Quantum aspects originated by Gravitation: from cosmology to astrophysics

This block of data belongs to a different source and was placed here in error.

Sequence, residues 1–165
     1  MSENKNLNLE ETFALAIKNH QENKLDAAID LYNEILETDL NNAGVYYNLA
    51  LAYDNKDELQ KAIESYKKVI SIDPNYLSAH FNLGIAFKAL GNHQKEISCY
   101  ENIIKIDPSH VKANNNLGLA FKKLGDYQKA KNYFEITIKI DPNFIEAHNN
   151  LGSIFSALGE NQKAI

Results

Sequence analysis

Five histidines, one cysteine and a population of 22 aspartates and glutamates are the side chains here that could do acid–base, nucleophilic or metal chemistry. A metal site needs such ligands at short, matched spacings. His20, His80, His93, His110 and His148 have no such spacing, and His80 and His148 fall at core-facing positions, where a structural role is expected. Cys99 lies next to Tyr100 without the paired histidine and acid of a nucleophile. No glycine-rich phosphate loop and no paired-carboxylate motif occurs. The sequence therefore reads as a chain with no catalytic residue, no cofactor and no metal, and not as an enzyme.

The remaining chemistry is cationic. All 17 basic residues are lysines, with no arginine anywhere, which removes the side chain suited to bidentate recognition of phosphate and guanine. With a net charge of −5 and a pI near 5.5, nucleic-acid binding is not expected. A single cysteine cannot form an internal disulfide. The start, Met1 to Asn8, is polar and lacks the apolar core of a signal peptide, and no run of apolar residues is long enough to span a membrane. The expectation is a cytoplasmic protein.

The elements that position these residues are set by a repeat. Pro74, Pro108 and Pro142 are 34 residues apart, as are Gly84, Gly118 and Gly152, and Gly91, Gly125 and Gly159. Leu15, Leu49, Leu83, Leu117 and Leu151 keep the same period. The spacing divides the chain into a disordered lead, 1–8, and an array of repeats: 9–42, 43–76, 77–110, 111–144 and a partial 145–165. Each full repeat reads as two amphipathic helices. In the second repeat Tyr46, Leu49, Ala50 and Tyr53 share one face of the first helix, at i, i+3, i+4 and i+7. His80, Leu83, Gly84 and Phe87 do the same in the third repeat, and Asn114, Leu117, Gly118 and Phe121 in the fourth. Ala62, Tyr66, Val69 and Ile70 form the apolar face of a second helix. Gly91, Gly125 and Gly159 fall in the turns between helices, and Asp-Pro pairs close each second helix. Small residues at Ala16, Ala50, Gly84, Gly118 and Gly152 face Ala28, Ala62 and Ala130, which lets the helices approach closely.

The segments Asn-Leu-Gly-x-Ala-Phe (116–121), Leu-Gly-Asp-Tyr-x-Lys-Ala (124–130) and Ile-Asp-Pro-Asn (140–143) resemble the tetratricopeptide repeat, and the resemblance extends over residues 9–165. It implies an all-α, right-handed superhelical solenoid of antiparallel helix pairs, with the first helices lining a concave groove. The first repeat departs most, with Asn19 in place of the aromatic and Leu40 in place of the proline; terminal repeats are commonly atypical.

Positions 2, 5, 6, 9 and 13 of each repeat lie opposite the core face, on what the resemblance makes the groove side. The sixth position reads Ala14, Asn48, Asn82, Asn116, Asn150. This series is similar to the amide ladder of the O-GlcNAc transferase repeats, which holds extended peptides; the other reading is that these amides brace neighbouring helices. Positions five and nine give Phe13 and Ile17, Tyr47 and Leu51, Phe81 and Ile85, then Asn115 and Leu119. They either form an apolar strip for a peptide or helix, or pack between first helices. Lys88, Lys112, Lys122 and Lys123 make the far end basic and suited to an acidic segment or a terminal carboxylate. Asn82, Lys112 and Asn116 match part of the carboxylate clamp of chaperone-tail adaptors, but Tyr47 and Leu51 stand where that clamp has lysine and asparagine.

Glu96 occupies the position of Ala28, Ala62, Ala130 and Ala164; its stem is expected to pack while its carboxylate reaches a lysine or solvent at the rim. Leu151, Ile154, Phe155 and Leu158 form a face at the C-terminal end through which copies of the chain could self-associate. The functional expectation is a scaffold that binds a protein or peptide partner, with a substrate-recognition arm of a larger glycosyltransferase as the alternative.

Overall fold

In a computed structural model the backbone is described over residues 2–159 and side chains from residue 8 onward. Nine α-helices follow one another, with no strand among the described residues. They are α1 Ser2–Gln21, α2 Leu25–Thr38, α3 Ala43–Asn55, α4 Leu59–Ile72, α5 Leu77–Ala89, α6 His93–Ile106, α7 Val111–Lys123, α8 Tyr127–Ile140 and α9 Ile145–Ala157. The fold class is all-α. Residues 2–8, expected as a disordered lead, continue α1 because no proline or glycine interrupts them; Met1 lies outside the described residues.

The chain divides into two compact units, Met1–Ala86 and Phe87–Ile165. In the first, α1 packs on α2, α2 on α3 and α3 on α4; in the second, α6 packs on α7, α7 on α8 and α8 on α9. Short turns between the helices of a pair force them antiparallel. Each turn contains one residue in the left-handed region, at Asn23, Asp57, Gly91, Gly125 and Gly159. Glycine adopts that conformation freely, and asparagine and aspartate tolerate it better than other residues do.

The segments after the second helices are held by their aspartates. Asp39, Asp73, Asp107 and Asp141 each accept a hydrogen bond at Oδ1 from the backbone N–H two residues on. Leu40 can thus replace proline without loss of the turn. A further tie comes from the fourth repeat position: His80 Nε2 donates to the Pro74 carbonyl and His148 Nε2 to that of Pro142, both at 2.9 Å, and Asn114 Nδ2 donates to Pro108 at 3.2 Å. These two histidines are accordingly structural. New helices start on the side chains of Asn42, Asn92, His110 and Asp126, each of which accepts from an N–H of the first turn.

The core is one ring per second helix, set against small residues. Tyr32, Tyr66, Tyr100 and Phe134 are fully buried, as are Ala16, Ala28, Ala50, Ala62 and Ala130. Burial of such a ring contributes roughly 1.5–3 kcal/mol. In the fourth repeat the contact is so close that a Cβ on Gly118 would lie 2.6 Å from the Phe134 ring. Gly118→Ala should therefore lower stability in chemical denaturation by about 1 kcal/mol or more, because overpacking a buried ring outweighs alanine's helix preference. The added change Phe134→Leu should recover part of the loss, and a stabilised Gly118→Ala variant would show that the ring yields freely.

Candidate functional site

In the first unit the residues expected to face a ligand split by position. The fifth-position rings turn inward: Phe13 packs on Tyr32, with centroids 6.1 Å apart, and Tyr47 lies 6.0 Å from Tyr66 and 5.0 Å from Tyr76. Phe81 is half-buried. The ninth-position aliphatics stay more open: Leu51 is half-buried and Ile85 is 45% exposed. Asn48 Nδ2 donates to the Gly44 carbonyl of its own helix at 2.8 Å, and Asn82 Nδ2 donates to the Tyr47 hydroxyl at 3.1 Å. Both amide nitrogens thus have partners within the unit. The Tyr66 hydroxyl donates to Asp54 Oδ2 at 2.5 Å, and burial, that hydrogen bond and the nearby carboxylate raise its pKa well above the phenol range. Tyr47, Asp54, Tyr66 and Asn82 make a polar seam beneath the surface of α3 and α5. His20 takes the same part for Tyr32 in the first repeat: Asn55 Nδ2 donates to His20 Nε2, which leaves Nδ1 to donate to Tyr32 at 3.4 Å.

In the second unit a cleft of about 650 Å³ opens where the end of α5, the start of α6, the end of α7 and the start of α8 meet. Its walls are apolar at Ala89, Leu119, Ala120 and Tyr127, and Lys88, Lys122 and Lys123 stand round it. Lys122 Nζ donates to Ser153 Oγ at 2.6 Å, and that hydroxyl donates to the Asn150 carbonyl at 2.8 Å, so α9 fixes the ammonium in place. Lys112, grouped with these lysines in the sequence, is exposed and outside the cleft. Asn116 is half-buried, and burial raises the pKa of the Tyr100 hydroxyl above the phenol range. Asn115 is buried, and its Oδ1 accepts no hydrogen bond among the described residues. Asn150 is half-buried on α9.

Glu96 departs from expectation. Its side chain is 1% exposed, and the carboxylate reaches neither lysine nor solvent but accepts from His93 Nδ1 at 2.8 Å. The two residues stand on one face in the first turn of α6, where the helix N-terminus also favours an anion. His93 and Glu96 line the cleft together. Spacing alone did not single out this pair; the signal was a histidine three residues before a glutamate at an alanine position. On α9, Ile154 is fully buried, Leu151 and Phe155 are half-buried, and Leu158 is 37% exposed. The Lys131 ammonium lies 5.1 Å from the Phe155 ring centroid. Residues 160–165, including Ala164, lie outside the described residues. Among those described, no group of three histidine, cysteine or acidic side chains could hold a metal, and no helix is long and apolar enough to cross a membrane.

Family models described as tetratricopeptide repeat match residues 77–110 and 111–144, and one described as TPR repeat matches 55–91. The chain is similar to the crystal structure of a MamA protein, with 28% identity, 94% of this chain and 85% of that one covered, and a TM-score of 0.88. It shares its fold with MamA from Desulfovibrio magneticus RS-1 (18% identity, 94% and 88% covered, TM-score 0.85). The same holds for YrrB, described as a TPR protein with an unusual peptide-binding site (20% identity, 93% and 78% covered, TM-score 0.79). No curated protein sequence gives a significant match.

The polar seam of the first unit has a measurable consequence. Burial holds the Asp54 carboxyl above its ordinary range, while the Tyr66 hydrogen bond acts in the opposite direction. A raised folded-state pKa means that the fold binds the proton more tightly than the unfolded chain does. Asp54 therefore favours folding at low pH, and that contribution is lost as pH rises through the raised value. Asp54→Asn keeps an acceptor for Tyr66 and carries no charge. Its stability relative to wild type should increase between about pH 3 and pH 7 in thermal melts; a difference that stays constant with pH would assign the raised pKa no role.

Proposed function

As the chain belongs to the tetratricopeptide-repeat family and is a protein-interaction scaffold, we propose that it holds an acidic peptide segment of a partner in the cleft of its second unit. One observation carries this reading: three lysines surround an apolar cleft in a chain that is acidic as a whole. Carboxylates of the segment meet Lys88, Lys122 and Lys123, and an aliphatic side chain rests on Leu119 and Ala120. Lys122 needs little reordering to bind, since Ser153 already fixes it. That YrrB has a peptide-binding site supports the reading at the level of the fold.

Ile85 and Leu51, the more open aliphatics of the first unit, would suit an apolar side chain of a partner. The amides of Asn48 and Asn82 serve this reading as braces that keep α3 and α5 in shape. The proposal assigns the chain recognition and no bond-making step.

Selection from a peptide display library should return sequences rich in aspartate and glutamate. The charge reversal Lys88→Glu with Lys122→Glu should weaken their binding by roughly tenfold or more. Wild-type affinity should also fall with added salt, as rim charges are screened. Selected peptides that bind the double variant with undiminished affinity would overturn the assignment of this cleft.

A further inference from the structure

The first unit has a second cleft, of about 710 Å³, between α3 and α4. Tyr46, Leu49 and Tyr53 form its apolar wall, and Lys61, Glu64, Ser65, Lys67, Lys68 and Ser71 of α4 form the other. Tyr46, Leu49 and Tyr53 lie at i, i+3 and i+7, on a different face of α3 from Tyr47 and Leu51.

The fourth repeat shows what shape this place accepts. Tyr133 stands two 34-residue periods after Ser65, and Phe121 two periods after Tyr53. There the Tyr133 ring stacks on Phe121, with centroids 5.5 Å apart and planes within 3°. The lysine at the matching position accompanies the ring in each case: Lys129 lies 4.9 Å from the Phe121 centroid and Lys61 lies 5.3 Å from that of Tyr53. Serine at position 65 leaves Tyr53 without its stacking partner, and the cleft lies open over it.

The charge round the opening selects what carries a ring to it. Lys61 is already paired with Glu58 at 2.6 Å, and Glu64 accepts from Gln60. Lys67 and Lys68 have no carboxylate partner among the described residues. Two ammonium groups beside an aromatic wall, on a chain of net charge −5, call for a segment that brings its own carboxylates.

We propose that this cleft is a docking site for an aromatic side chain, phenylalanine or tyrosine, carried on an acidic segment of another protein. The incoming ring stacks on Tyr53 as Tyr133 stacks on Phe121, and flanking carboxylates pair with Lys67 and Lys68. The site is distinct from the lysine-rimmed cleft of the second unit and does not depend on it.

The study of quantum fields propagating in classical, curved and dynamical space-times offers a first approach to assess the consequences of the quantum theory when gravitational phenomena are not negligible. This is an important question that must be addressed when an intense gravitational field plays a principal role in the dynamics of a physical system, such as during the early universe (cosmological inflation) or in the formation of astrophysical black holes. One of the most striking features of this subject is perhaps that the calculation of physical observables, even for non-interacting fields, often involves ill-defined quadratic operators of fields. This feature introduces divergences in the observables, and thus requires dealing with non-trivial and suitable renormalization methods. The normal-ordering operation, usually employed in Minkowski spacetime, no longer works here, since additional ultraviolet divergences associated to curvature arise. The standard approach is to subtract the short-distance asymptotic behaviour of the appropriate two-point (Green) functions. As a consequence, unexpected results are predicted due to finite remaining terms, which are demanded by general covariance and appear closely related with the renormalization subtractions. The goal of this thesis is to give new insights following this direction. In the first part, we analyze the consequences of renormalization of quantum fields on diverse aspects of inflationary cosmology. Issues related to the ultraviolet divergences arising in the computation of the angular power spectrum of the CMB in the Sachs-Wolfe regime are first considered. Then we address the renormalization of the stress-energy tensor of matter (spin 1/2) fields during the early universe. We analyze this both when the matter fields are free and when they interact with the inflaton through Yukawa coupling. This is an important question in studies of inflation, preheating, or the subsequent expansion of the universe. Finally, the implications of "hidden" fields present during single-field inflation are also considered and physical consequences arising from CMB experimental bounds are discussed. In the second part of this thesis we analyze the impact of the quantization of fields on classical symmetries. The issue of renormalization here is of crucial importance since it can lead to the break-down of well-known classical symmetries and associated conserved Noether charges, yielding what is normally referred to in the literature as quantum anomalies. We will present a new and particularly interesting example of this feature in electrodynamics: the classical E-B duality symmetry of Maxwell equations without charges and currents fails to hold at the quantum level if spacetime has curvature and non-trivial dynamics. In fact, our results suggest that a dynamical curved spacetime with significant frame-dragging is able to distinguish between the two (left and right) circular polarization states of the photons. We shall also discuss some scenarios where this effect could take place. In particular, our analysis shows that a necessary condition is that the gravitational background admits the emission of gravitational waves. This offers promising physical implications in binary mergers in astrophysics, whose observational window is nowadays open thanks to the recent detections of gravitational waves by the LIGO-Virgo collaboration, as well as the advances in the studies of electromagnetic radiation in multi-messenger astronomy.